EI member organisations will address links between child labour and poor access to quality education at the International Conference on Child Labour in Agriculture from 28-30 July in Washington, USA.
The Conference is organised by the Global March Against Child Labour, a worldwide movement of trade unions, teachers and non-governmental organisations to protect children from economic exploitation and gain access to quality public education.
The event reunites more than 150 representatives from 50 developing and developed countries to share knowledge, strengthen partnerships and establish a platform of action and follow-up. It builds on the Roadmap for Achieving the Elimination of the Worst Forms of Child Labour by 2016 as well as National Action Plans on Child Labour.
We can’t ignore it!
“Child labour in agriculture is a persistent problem in the United States and across the globe,” said Jill Christianson, from EI affiliate National Education Association, who is participating at the Conference. “There are 820,000 children working in agriculture in the USA, according to the Centre for Disease Control.
“It is legal for children as young as 12 years old to work in agriculture in this country, often in conditions that are harmful to their health and safety. This is both an economic and educational issue,” she added.
Seventy per cent of the world’s poor are concentrated in rural communities. According to the International Labour Organisation, worldwide 60 per cent of all child labourers work in agriculture. Nearly 130 million girls and boys under the age of 18 help to produce much of the food and drink we consume.
EI and the International Union of Food Workers are working together to raise awareness of child labour in rural communities. This includes working with teachers and building local-level links between teachers' unions and agricultural workers unions.
It also involves campaigning to improve rural education and seeking adequate resources to meet the quality education needs of all rural children at all levels.
Girls face a double burden of domestic work on top of agricultural work. Older girls lack decent work opportunities and may face poor access to education, health and participation in decision-making.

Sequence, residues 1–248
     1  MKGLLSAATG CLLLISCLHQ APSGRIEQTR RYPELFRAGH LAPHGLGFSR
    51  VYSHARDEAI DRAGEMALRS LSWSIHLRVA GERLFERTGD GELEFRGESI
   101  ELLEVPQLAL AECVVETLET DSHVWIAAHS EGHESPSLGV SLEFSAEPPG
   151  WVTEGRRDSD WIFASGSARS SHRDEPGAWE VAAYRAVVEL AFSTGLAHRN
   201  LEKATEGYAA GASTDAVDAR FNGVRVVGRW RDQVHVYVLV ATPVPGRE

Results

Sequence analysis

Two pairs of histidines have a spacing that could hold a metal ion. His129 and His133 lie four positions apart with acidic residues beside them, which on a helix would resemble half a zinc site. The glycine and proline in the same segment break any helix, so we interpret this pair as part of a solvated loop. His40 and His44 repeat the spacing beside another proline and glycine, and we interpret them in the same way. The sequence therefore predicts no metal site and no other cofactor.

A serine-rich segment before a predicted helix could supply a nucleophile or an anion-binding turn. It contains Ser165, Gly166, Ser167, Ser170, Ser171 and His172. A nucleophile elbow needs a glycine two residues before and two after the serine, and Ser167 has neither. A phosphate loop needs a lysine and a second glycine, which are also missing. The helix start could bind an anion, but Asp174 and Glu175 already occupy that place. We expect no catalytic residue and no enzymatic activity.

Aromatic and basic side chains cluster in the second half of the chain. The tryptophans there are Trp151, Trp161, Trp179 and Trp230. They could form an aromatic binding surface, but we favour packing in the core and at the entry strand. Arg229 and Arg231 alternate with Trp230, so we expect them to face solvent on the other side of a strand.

“Girls’ child labour is often of a hidden nature - domestic work, agriculture, prostitution, small services and handicrafts - all outside of the common definition of work” states the EI Resolution on Child Labour adopted by the 6th EI World Congress 2011.
The global trade union delegation participating at the UN Commission on the Status of Women 2012 also expressed its disappointment at the failure to adopt agreed conclusions on the empowerment of rural women and their role in poverty and hunger eradication, development and current economic challenges.
Education is a key to empower people
“In the current global economic crisis, which may roll back considerable progress made in the past decade, the need for a vibrant and coherent movement to sustain efforts to eliminate child labour remains essential,” said EI General Secretary Fred van Leeuwen, one of the key speakers at the Conference.
“EI strongly supports the central work Global March is doing to free children from child labour and help give them educational opportunities to secure their future. EI and the Global March are committed to continuing the defence of children's rights through the Education For All campaign and the fight against child labour,” he concluded.
Click here to download materials and resources from EI’s campaign “One hour against child labour”, launched in collaboration with the Programme for the Elimination of Child Labour of the International Labour Organisation (ILO-IPEC).
Click here to access the EI’s Resolution on Child Labour adopted at the last World Congress in Cape Town, South Africa.
For more information on CSW 56 Rural women and girls, please click here
For more info on Global March Against Child Labour, please click here
To read a recent blog post of Jill Christianson on child labour, please click here